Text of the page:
In today’s day and age, everyone’s looking for the next miracle drug. The next big breakthrough to feeling better, losing fat, improving appearance and improving overall physical and mental health.
But what if that drug is already out there, and has been for arguably thousands of years?
I want to keep it simple today and lay out for you a laundry list of reasons why resistance training is that said breakthrough. Not just why it’s beneficial, because we’ve all heard of some of the benefits it provides at one point or another. But I would argue that it is essential for taking a proactive and preventative step towards better quality of life.
So without further ado:
Resistance training builds bone density. You may think that lifting weights only benefits your muscles, but did you know that it positively affects your bone health, too? By sticking with a consistent resistance training routine, your body continually lays down osteoblasts, connected cells that synthesize bone, in order to adjust to the external load you’re placing on your skeleton. This is especially important to middle-aged and senior-aged women with osteopenia or osteoporosis. If this is you, don’t shy away from lifting weights – embrace it! It will help lay down some new bone foundation, improve your bone mineral density and make you less brittle.
Resistance training makes you strong and improves self-confidence. Simply put, life in general is better and easier the stronger you are. You are capable of doing more (yes, especially outside the gym) and are able to tolerate more external stress that you place on your body over time. The more you are able to do, the better you look and feel about yourself, the higher your self-confidence soars.
As an example, anyone who has/currently is playing organized sports and follows a thorough, periodized program with their fellow teammates can relate to this feeling. Holding each other accountable and encouraging one another in the weight room builds a brother/sisterhood and is an empowering feeling. Look good, feel good, play good.
And no ladies, lifting weights will not make you bigger or more bulky.
Resistance training is functional. We all squat down onto a chair or toilet every day. How about getting up and down off the floor or walking flights of steps? Or even reverse lunging downwards to tie our shoes?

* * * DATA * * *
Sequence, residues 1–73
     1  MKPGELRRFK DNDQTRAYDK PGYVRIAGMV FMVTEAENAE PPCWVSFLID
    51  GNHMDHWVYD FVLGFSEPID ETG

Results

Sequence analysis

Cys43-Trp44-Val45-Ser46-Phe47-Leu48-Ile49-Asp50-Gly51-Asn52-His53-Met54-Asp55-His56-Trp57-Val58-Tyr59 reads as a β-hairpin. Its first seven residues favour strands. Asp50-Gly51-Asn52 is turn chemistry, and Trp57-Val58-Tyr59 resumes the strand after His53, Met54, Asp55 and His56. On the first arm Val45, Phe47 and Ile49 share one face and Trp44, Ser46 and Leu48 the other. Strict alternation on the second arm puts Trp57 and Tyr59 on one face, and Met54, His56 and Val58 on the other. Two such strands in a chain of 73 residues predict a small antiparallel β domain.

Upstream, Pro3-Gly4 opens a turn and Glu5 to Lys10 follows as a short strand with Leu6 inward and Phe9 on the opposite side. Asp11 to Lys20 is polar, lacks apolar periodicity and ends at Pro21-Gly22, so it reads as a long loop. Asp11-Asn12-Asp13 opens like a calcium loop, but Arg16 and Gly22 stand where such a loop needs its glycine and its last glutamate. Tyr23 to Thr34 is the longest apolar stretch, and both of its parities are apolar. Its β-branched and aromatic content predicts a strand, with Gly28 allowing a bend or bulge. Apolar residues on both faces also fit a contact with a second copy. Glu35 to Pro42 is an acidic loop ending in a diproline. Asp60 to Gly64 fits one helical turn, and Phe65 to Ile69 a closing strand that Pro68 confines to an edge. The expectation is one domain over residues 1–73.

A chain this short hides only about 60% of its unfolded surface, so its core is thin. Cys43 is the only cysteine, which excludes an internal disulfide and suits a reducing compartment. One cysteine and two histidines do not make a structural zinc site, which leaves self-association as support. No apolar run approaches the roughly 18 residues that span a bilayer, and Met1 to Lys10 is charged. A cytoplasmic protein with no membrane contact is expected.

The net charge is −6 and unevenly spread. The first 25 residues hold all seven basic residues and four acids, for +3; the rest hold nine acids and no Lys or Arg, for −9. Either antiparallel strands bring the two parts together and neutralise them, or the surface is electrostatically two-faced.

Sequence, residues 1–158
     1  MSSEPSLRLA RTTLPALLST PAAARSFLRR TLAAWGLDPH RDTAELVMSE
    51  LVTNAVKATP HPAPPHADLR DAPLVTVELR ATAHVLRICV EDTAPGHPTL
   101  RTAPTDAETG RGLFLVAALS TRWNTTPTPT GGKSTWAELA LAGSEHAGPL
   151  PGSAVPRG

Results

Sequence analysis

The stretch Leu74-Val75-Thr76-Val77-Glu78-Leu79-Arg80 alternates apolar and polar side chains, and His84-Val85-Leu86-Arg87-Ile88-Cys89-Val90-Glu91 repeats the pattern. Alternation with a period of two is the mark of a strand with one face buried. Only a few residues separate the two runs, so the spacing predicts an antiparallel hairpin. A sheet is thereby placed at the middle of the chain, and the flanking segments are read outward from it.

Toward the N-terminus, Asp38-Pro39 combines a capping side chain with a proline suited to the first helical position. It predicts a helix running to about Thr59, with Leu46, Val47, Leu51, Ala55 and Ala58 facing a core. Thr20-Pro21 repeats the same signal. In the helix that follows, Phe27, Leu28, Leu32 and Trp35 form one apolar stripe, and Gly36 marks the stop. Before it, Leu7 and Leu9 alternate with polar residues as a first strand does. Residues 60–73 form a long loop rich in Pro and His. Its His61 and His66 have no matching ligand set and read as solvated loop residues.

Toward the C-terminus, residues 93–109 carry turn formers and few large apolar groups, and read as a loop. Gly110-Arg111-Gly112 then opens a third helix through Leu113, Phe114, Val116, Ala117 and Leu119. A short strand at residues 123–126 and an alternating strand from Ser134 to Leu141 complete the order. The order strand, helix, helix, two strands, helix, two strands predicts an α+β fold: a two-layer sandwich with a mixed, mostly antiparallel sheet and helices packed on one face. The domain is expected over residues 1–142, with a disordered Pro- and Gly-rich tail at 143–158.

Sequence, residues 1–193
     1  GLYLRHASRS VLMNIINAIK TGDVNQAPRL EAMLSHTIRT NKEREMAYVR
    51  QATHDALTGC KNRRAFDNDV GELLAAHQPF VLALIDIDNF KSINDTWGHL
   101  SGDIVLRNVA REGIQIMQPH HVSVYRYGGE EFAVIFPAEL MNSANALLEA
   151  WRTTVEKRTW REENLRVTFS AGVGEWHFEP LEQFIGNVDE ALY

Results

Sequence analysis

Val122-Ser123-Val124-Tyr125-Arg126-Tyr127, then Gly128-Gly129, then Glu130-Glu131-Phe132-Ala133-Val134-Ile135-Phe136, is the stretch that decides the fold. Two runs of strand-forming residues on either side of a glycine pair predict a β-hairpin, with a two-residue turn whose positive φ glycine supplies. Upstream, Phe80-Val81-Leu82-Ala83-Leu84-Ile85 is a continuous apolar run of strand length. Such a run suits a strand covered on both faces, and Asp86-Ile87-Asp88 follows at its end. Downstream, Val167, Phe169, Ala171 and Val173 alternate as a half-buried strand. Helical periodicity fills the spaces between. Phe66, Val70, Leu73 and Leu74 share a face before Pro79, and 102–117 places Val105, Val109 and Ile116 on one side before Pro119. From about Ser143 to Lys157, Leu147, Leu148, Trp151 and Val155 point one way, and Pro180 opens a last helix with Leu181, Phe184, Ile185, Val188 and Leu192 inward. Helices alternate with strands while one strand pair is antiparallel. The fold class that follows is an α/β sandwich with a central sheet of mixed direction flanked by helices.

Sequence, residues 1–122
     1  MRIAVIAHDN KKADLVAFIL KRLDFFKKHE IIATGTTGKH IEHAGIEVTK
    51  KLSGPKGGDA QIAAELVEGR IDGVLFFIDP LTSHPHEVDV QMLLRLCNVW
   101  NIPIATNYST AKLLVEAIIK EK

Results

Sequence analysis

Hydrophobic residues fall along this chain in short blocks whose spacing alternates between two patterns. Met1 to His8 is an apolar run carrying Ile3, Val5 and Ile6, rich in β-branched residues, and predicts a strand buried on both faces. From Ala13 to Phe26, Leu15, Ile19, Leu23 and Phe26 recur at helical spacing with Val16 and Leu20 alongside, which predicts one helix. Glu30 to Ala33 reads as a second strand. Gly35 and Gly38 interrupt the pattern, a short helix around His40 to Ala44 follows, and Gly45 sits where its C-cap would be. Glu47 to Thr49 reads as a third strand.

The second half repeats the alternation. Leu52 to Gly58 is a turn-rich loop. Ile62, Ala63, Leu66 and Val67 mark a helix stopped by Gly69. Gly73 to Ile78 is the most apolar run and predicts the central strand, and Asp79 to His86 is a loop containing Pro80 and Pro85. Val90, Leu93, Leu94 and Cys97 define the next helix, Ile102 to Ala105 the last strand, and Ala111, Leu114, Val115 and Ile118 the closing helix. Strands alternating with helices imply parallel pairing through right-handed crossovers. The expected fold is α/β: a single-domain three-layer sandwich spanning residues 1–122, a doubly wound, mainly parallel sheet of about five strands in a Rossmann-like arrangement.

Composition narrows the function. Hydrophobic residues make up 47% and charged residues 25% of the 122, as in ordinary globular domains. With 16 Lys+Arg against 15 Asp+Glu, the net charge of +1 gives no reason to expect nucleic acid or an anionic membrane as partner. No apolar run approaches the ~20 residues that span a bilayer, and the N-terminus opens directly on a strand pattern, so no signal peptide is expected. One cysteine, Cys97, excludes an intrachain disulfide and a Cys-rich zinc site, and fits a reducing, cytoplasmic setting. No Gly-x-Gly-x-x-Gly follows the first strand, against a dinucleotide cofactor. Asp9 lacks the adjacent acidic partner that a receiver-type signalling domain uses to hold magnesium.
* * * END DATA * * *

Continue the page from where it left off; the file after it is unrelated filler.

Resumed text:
It helps to build a solid training plan that mimics things that you already do in every day life. It gives you a sense of purpose. Best believe that if you can tolerate multiple sets of squats, lunges or step downs with proper technique, doing those already listed tasks outside of the gym will become a real piece of cake.
Resistance training burns more calories. As already stated in a previous blog post, the intensity of the exercise is more important than the duration. It’s all about that afterburn, the amount of calories you continue to burn upwards of 24 hours post-workout. Research proves time and again that the afterburn post-resistance training and interval training far exceeds long duration, steady-state cardio. Maximizing the effectiveness and efficiency of our workouts and burning more calories and fat is what we all want, isn’t it?
Resistance training is cardio! Yes, you read that right. You don’t need to run on a treadmill in order to categorize or rationalize it as cardio. As my boss Mike Stare, DPT, FAAOMPT, CSCS, CNS likes to say, “Let’s see you complete a circuit consisting of squats, push ups, lunges and lat pulldowns. If your heart rate isn’t elevated, check yourself into a hospital immediately – something is seriously wrong.”
It’s true. Your heart doesn’t know the difference between running or lifting weights. All it knows is it needs to work harder to supply blood and nutrients to working muscles in order to fill the demands you’re placing on your body.
Resistance training can help relieve acute and chronic pain. Of course there is a multifaceted approach we use to figuring out and determining what is causing someone’s acute or chronic pain and why, and every case is different. To stay on track with this post however, it’s amazing how much easier and pain-free people can move with the incorporation of a resistance training program. So long as proper technique, intensity level and volume is being used of course.
Sounds backwards, right? “I’m in pain, so you’re telling me I should work out anyway? Shouldn’t I rest until it heals instead?”
Yes. And no.